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Here's my question. Let $b_2$, ..., $b_d \in \mathbb{C}$ ($d$ is an integer greater than 2), and consider the functional equation

$$V(z^d)=dz^{d-1} V(z)+(b_2 z^{d-2} + b_3 z^{d-3}+\ldots + b_d)$$

In this article : http://www.math.harvard.edu/~ctm/papers/home/text/papers/wp/wp.pdf , page 33, McMullen claims that it is clear this functional equation admits a unique analytic solution on $\{z$ $s.t. |z|>1\}$, and that the solution is

$$V(z)=\frac{-z}{d} \sum_{k=2}^d \sum_{n=0}^{\infty} \frac{b_k z^{-k d^n}}{d^n}$$

Of course I believe him =) , but I've been staring at the equation and the solution for some time, and it's not clear to me that the solution is unique (or how he found the solution). All I can do is check it is indeed a solution. So :

Question 1 : why is it unique ?

Question 2 : can you see a method on how the formula was obtained ?

PS : I mentionned the article, but I believe there is no need to refer to it. this problem should be self contained.

Thanks in advance !

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1 Answer 1

First, this belongs to a functional equation of the form http://eqworld.ipmnet.ru/en/solutions/fe/fe2308.pdf

Let $\begin{cases}z_1=\ln z\\V_1(z_1)=V(z)\end{cases}$ ,

Then $V_1(dz_1)=de^{(d-1)z_1}V_1(z_1)+\sum\limits_{k=2}^db_ke^{(d-k)z_1}$

Then, this belongs to a functional equation of the form http://eqworld.ipmnet.ru/en/solutions/fe/fe2303.pdf

Let $\begin{cases}z_2=\ln z_1\\V_2(z_2)=V_1(z_1)\end{cases}$ ,

Then $V_2(z_2+\ln d)=de^{(d-1)e^{z_2}}V_2(z_2)+\sum\limits_{k=2}^db_ke^{(d-k)e^{z_2}}$

$z_2\to z_2\ln d$ :

$V_2(z_2\ln d+\ln d)=de^{(d-1)e^{z_2\ln d}}V_2(z_2\ln d)+\sum\limits_{k=2}^db_ke^{(d-k)e^{z_2\ln d}}$

$V_2((z_2+1)\ln d)=de^{(d-1)d^{z_2}}V_2(z_2\ln d)+\sum\limits_{k=2}^db_ke^{(d-k)d^{z_2}}$

$\therefore V_{2,c}((z_2+1)\ln d)=de^{(d-1)d^{z_2}}V_{2,c}(z_2\ln d)$

$V_{2,c}(z_2\ln d)=\Theta_1(z_2)\prod\limits_{z_2}de^{(d-1)d^{z_2}}$ , where $\Theta_1(z_2)$ is an arbitrary periodic function with unit period

According to http://en.wikipedia.org/wiki/Indefinite_product#Rules,

$V_{2,c}(z_2\ln d)=\Theta_1(z_2)d^{z_2}\left(\prod\limits_{z_2}e^{d^{z_2}}\right)^{d-1}$ , where $\Theta_1(z_2)$ is an arbitrary periodic function with unit period

$V_{2,c}(z_2\ln d)=\Theta_1(z_2)d^{z_2}\left(e^{\sum\limits_{z_2}d^{z_2}}\right)^{d-1}$ , where $\Theta_1(z_2)$ is an arbitrary periodic function with unit period

According to http://en.wikipedia.org/wiki/Indefinite_sum#Antidifferences_of_exponential_functions,

$V_{2,c}(z_2\ln d)=\Theta_1(z_2)d^{z_2}\left(e^{\frac{d^{z_2}}{d-1}}\right)^{d-1}$ , where $\Theta_1(z_2)$ is an arbitrary periodic function with unit period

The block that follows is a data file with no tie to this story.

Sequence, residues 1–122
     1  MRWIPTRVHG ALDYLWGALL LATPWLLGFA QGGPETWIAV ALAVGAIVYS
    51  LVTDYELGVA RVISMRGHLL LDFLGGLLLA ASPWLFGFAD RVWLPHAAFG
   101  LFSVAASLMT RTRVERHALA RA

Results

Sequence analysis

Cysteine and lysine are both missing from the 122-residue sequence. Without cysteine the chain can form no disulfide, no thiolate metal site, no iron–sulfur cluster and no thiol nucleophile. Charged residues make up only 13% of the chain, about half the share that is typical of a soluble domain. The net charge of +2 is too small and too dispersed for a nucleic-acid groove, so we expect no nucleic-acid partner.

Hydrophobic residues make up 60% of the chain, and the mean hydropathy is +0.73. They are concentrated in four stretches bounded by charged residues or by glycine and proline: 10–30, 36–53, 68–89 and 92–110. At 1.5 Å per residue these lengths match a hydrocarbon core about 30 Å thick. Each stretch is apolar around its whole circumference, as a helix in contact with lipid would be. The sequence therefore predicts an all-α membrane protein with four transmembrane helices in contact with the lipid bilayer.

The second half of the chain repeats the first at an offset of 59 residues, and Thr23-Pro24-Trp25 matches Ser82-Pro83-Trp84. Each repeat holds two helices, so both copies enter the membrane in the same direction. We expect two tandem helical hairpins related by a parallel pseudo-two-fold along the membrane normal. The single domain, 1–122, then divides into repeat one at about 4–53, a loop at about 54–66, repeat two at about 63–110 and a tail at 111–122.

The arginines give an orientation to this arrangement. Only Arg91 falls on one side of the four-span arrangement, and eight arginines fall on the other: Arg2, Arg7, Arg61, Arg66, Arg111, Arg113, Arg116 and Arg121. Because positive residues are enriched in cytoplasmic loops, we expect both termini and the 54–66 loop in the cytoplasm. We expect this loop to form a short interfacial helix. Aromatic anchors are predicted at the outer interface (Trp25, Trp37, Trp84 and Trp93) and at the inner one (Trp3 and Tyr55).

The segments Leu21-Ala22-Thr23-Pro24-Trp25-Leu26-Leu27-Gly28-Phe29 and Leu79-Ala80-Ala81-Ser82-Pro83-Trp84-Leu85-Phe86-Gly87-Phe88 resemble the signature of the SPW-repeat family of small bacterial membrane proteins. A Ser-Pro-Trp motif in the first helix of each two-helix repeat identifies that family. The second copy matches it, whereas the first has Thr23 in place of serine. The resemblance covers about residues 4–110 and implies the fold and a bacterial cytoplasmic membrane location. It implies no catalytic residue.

$V_{2,c}(z_2\ln d)=\Theta_1(z_2)d^{z_2}e^{d^{z_2}}$ , where $\Theta_1(z_2)$ is an arbitrary periodic function with unit period

Let $V_2(z_2\ln d)=d^{z_2}e^{d^{z_2}}W_2(z_2\ln d)$ ,

Then $d^{z_2+1}e^{d^{z_2+1}}W_2((z_2+1)\ln d)=de^{(d-1)d^{z_2}}d^{z_2}e^{d^{z_2}}W_2(z_2\ln d)+\sum\limits_{k=2}^db_ke^{(d-k)d^{z_2}}$

$d^{z_2+1}e^{d^{z_2+1}}W_2((z_2+1)\ln d)=d^{z_2+1}e^{d^{z_2+1}}W_2(z_2\ln d)+\sum\limits_{k=2}^db_ke^{(d-k)d^{z_2}}$

$W_2((z_2+1)\ln d)=W_2(z_2\ln d)+\sum\limits_{k=2}^d\dfrac{b_ke^{-kd^{z_2}}}{d^{z_2+1}}$

$W_2(z_2\ln d)=\Theta_1(z_2)+\sum\limits_{z_2}\sum\limits_{k=2}^d\dfrac{b_ke^{-kd^{z_2}}}{d^{z_2+1}}$ , where $\Theta_1(z_2)$ is an arbitrary periodic function with unit period

$W_2(z_2\ln d)=\Theta_1(z_2)+\sum\limits_{k=2}^d\sum\limits_{z_2}\dfrac{b_ke^{-kd^{z_2}}}{d^{z_2+1}}$ , where $\Theta_1(z_2)$ is an arbitrary periodic function with unit period

According to http://en.wikipedia.org/wiki/Antidifference#Mueller.27s_formula,

$\because\lim\limits_{z_2\to+\infty}\dfrac{b_ke^{-kd^{z_2}}}{d^{z_2+1}}=0$

$\therefore W_2(z_2\ln d)=\Theta_1(z_2)-\sum\limits_{k=2}^d\sum\limits_{n=0}^\infty\dfrac{b_ke^{-kd^{z_2+n}}}{d^{z_2+n+1}}$ , where $\Theta_1(z_2)$ is an arbitrary periodic function with unit period

$V_2(z_2\ln d)=\Theta_1(z_2)d^{z_2}e^{d^{z_2}}-e^{d^{z_2}}\sum\limits_{k=2}^d\sum\limits_{n=0}^\infty\dfrac{b_ke^{-kd^nd^{z_2}}}{d^{n+1}}$ , where $\Theta_1(z_2)$ is an arbitrary periodic function with unit period

$V_2(z_2\ln d)=\Theta_1(z_2)e^{z_2\ln d}e^{e^{z_2\ln d}}-e^{e^{z_2\ln d}}\sum\limits_{k=2}^d\sum\limits_{n=0}^\infty\dfrac{b_ke^{-kd^ne^{z_2\ln d}}}{d^{n+1}}$ , where $\Theta_1(z_2)$ is an arbitrary periodic function with unit period

$V_2(z_2)=\Theta(z_2)e^{z_2}e^{e^{z_2}}-e^{e^{z_2}}\sum\limits_{k=2}^d\sum\limits_{n=0}^\infty\dfrac{b_ke^{-kd^ne^{z_2}}}{d^{n+1}}$ , where $\Theta(z_2)$ is an arbitrary periodic function with period $\ln d$

$V(z)=\Theta(\ln\ln z)z\ln z-z\sum\limits_{k=2}^d\sum\limits_{n=0}^\infty\dfrac{b_ke^{-kd^n\ln z}}{d^{n+1}}$ , where $\Theta(z)$ is an arbitrary periodic function with period $\ln d$

$V(z)=\Theta(\ln\ln z)z\ln z-z\sum\limits_{k=2}^d\sum\limits_{n=0}^\infty\dfrac{b_kz^{-kd^n}}{d^{n+1}}$ , where $\Theta(z)$ is an arbitrary periodic function with period $\ln d$

The solution should be not unique.

So McMullen claims should be wrong. I think he should first make deep introspection about the form of the general solution of the functional equation $V(z^d)=f(z)V(z)+g(z)$ .

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-1, although the post does have some entertainment value. –  user31373 Sep 14 '12 at 0:17

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